SPFW SS24 or fashion as a reflection of contemporary issues

The 55th edition of SPFW – São Paulo Fashion Week – took place from May 25 to May 28, at three different locations in Brazil. On May 22, designer João Pimenta hosted the pre-opening of the show, presenting a commemorative collection of his 20 years of work, during a fashion show at the Teatro Municipal de São Paulo, in downtown São Paulo. In total, there were 31 live shows and 10 fashion films.

The diversity of models, already consolidated since the last edition, has extended to the regional diversity of brands, bringing in newcomers from different parts of the country. There were new brands from the state of Ceará in the northeast (Marina Bitu and David Lee), from the state of Bahia, also located in the northeast (Gefferson Vila Nova) and from the city of Rio de Janeiro (The Paradise), as well as the São Paulo-based studio Forca.

The event, as a whole, aims to strengthen fashion as a platform for social causes, such as inclusion and diversity. It should be remembered that the creation accelerator Cria Costura, presented an exhibition instead of the Komplexo Tempo event, with pieces produced during the third edition of the program, held in Brasilândia and Cidade Tiradentes. The program, created by INMODE – National Institute of Fashion, Design and Creative Economy, and the Municipal Secretariat of Economic Development and Labor, identifies and promotes talent, transforming technical sewing skills into valuable skills added.

On the catwalks of this edition, the public saw the reflection of the trends presented in the previous season – laminated materials, sequins, comfortable modeling, as well as vibrant shades, much more used now, forming a rainbow palette, which alludes to LGBTQIA+ issues. Brown and its undertones came to settle, offering an earthy and cozy atmosphere. It was a sort of continuation of the presentations of the shows during the FW23 edition and of the issues raised previously, showing that fashion reflects and allows discussion of social and political concerns and issues.

Santa Resistência, photo: Zé Takahashi/Agência Fotosite

Paradise, photo: Marcelo Soubhia/Agência Fotosite

Isaac Silva, photo: Marcelo Soubhia/Agência Fotosite

Gefferson Vila Nova, photo: Gabriel Cappelletti

Dendezeiro, photo: Marcelo Soubhia/Agência Fotosite

Thear, photo: Zé Takahashi/Agência Fotosite

Igor Dadona, photo: Marcelo Soubhia/Agência Fotosite

Colors and prints

Vibrant colors disrupt the monotonous neutral black and white that appears on virtually every catwalk. Bright red emerged as a big hit at Santa Resistencia and multicolored prints brought the runways to life at Meninos Rei, The Paradise and Isaac Silva. At Igor Dadona there was a plethora of flowers with round shapes. Almost every brand presented monochromatic looks, like Gefferson Vila Nova. Earth tones outlined Dendezeiro’s pieces and unfolded into Thear’s beige.

Walério Araújo, photo: Zé Takahashi/Agência Fotosite

Patricia Viera, photo: Marcelo Soubhia/Agência Fotosite

Apartment 03, photo: Zé Takahashi/Agência Fotosite

Sequins and laminated materials

Reinforcing the creations presented during the previous season, sequins and laminated materials remain very present in the SPFW collections. Designer Walério Araújo, who paid homage to former Brazilian model and presenter Elke Maravilha, used sequins in a variety of ways: from subtle pastel sequins to vibrant purple looks. In addition, we saw laminated leather, which Patricia Viera worked as a patchwork on canvas. Apartamento 03 featured rolled leather in jackets and pleated skirts. The fringes of João Pimenta, in tubes brought a discreet shine, as well as the embroidery on lace.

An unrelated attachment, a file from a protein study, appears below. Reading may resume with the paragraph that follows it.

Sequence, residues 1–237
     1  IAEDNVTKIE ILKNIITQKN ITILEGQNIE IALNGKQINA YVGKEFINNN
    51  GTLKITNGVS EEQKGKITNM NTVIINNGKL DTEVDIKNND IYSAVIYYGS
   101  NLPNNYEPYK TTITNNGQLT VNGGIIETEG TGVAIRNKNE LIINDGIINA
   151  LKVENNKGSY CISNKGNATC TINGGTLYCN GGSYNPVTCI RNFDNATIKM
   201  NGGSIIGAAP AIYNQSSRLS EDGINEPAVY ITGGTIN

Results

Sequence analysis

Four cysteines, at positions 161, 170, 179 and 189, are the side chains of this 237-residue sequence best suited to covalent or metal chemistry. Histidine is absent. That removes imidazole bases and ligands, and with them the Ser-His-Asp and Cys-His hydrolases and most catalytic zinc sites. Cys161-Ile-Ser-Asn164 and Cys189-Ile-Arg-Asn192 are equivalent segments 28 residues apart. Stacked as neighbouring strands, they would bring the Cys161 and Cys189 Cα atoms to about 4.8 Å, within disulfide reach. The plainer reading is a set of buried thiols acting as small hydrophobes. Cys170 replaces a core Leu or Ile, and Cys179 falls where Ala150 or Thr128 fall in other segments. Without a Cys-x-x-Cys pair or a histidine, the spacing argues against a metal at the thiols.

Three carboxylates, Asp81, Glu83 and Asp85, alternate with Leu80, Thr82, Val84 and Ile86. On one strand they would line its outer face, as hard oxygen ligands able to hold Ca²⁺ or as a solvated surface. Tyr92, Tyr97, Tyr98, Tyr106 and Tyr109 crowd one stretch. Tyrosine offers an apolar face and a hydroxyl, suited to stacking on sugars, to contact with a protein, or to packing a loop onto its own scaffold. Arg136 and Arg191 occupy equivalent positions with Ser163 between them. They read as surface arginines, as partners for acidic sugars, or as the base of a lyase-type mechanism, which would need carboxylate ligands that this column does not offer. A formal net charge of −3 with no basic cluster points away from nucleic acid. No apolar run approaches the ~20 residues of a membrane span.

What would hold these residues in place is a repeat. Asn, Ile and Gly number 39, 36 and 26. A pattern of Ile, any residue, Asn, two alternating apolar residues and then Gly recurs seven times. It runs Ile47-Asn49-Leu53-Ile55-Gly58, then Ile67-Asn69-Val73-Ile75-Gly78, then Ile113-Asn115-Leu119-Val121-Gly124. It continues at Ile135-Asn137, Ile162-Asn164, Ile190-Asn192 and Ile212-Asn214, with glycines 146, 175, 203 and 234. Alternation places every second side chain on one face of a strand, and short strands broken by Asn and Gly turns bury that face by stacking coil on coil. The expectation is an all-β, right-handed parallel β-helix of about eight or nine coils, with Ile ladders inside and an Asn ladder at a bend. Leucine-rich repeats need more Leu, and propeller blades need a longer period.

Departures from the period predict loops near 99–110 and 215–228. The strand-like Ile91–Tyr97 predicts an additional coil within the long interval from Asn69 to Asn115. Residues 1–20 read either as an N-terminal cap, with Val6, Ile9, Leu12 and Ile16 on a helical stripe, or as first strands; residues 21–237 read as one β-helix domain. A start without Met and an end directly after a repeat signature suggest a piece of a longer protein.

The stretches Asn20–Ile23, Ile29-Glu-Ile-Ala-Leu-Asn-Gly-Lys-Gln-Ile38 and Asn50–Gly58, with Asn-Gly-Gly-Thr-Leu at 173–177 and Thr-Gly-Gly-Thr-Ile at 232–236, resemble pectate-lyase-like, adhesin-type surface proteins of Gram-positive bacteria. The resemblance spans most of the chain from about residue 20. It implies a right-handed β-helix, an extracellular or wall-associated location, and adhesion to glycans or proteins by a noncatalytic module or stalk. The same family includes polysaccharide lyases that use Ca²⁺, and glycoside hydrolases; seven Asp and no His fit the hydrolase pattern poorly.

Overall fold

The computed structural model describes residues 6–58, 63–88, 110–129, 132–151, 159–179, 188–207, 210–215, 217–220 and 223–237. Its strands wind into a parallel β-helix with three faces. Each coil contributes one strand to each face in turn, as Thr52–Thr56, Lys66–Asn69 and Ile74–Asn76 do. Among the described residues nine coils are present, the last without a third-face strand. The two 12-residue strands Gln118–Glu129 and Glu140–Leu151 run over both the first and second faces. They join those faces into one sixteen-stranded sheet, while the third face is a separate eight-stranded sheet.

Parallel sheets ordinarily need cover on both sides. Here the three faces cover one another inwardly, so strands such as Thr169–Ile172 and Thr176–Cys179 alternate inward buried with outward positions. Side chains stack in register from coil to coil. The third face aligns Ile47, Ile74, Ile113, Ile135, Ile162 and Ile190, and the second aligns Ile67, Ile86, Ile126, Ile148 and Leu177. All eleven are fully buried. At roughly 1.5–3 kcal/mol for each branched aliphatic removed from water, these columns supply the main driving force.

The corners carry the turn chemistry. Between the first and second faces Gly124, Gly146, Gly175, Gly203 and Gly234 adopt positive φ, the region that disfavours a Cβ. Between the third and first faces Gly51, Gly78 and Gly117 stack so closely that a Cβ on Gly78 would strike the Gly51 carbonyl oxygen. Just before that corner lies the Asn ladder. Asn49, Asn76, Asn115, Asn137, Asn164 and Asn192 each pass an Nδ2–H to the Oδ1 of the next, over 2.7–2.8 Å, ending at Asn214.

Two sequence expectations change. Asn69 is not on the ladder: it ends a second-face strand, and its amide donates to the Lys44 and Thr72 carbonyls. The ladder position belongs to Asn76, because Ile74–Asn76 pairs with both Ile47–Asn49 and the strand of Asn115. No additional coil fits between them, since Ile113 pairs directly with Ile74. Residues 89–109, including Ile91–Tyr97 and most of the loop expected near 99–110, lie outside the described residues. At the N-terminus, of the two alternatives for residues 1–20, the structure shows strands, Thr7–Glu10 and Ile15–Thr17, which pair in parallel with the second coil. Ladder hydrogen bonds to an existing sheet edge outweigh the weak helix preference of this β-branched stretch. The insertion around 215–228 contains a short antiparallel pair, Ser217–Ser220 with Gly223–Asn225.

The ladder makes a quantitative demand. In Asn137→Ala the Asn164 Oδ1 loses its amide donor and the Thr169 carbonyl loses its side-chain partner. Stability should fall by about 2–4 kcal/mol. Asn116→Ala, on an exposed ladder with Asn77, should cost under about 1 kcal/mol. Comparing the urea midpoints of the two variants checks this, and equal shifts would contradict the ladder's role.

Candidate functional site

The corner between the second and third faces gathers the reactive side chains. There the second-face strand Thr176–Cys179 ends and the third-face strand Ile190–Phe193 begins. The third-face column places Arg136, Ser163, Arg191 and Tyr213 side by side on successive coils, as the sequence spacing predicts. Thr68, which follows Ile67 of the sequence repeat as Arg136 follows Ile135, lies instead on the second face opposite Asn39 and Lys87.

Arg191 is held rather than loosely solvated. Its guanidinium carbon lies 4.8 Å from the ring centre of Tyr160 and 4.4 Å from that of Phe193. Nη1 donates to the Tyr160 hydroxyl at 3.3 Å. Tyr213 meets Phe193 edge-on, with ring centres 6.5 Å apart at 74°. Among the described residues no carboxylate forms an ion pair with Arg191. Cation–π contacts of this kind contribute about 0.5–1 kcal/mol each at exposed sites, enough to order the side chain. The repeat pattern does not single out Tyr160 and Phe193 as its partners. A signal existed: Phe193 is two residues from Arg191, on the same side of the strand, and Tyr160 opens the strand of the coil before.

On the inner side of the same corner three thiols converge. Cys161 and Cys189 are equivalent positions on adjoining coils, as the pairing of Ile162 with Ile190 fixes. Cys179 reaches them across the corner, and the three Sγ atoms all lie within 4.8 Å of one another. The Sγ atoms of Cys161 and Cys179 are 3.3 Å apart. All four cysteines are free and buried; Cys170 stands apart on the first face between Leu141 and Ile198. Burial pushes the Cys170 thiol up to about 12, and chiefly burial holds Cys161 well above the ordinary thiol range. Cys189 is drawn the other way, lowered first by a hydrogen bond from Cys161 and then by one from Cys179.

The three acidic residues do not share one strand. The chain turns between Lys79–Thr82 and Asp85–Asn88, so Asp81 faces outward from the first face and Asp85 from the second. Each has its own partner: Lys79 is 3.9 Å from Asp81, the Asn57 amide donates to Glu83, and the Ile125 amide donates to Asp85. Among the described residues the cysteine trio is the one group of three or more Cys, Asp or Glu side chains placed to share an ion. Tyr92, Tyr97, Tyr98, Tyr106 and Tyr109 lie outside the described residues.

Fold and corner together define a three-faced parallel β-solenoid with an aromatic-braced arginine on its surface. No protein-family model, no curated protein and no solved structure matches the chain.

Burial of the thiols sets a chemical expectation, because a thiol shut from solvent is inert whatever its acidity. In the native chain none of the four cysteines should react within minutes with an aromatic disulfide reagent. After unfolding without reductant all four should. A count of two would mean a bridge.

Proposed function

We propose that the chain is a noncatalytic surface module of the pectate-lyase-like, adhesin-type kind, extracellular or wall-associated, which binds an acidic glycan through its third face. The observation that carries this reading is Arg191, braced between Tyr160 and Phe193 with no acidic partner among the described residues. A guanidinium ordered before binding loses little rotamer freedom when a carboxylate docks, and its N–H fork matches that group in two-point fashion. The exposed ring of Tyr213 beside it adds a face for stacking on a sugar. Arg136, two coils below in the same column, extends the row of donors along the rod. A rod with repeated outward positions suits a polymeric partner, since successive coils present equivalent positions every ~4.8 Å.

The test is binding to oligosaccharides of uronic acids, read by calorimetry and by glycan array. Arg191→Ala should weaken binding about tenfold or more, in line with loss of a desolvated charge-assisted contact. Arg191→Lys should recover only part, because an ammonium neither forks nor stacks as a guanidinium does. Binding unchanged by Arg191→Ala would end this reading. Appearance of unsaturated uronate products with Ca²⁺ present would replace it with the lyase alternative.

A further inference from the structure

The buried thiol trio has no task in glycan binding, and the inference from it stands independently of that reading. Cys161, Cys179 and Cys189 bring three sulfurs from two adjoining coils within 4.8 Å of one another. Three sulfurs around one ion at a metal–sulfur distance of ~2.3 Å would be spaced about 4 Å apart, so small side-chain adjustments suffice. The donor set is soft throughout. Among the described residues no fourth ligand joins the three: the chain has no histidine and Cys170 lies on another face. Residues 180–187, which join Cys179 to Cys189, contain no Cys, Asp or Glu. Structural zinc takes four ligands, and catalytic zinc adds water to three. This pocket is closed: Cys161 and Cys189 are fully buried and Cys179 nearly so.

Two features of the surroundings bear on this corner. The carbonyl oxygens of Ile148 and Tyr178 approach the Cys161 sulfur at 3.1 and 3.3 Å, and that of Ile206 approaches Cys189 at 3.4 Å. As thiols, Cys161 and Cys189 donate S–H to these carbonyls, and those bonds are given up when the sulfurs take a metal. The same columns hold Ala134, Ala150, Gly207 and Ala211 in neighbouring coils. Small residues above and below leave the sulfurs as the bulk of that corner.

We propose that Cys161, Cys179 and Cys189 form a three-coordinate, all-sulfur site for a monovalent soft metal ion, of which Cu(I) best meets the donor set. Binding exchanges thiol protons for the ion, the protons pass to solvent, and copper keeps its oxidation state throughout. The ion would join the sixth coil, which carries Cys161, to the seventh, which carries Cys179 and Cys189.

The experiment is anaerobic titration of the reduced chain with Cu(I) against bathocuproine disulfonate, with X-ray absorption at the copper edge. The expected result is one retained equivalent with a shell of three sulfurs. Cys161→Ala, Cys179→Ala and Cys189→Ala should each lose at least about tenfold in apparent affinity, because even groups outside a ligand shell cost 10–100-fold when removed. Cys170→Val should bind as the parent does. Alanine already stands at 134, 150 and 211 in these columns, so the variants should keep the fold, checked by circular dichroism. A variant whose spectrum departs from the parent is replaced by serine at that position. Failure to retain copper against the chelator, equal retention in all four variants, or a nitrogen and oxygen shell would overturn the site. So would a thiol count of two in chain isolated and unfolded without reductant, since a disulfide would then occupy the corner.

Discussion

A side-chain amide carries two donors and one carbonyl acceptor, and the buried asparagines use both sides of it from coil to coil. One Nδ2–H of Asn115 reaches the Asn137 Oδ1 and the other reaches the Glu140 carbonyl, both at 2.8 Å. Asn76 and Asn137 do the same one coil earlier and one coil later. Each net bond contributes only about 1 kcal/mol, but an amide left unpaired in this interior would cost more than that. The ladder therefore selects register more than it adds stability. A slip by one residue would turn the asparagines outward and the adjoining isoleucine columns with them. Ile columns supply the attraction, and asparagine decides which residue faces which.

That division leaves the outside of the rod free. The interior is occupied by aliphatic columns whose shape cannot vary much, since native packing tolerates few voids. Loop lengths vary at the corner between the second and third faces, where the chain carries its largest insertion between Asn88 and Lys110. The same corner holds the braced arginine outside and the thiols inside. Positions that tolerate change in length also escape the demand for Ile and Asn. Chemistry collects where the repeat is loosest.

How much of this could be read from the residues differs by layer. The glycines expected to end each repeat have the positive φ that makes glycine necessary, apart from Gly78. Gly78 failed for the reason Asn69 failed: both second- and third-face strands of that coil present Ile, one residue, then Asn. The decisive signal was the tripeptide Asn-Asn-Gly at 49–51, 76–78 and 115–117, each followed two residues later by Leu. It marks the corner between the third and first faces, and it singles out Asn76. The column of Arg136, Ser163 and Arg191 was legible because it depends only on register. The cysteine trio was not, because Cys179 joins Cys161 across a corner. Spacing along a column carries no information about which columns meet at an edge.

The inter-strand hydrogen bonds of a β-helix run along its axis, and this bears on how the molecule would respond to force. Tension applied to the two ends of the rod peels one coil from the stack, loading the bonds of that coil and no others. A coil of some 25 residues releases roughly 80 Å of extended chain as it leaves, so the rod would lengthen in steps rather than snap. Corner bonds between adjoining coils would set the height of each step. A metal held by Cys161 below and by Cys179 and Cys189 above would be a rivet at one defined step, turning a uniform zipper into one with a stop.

LED, photo: Zé Takahashi/Agência Fotosite

João Pimenta, photo: Marcelo Soubhia/Agência Fotosite

Minisis, photo: Zé Takahashi/Agência Fotosite

Marina Bitu, photo: Gustavo Scatena/Agência Fotosite

Transparencies and ruffles

Transparencies appeared more subtly with Fernanda Yamamoto, and more explicitly with LED. João Pimenta dared to bring the transparency of embroidered white lace into masculine territory. Ruffles came in various shapes, both horizontal and vertical. They were present at Minisis and Marina Bitu, as well as other brands.

Fernanda Yamamoto, photo: Gustavo Scatena/Agência Fotosite

Foz, photo Felipe Russo

Greg Joey, photo: Zé Takahashi/Agência Fotosite

Rafael Caetano, photo: Zé Takahashi/Agência Fotosite

Forca Studio, photo: Zé Takahashi/Agência Fotosite

Comfortable modeling and wide lines

Even in a more luxurious way, as evidenced by Fernanda Yamamoto, comfort appears in various forms. At newcomer Foz, this happens with a basic trouser and blouse look, or even in the wide range of dresses. At Greg Joey, men and women, in overalls and pants and shirt. Rafael Caetano has created comfort through light fabrics and ample modelling. Forca Studio in t-shirt, shorts and tailored trousers.

Ponto Firme, photo: Marcelo Soubhia/Agência Fotosite

David Lee, photo: Marcelo Soubhia/Agência Fotosite

Weider Silverio, photo: Zé Takahashi/Agência Fotosite

The value of handmade

Handmade craftsmanship is always in high demand, in a constant upward trend. Ponto Firme has brought a whole collection in crochet, now with the insertion of more sophisticated technological materials. Another designer who has used crochet, in a stylish way, in the form of a total look, is newcomer David Lee. Fuxico, the ancient art of using fabric cutouts, has been used beautifully by Weider Silverio. And even in the skirt mentioned above, by Dendezeiro, one can see evidence of craftsmanship.

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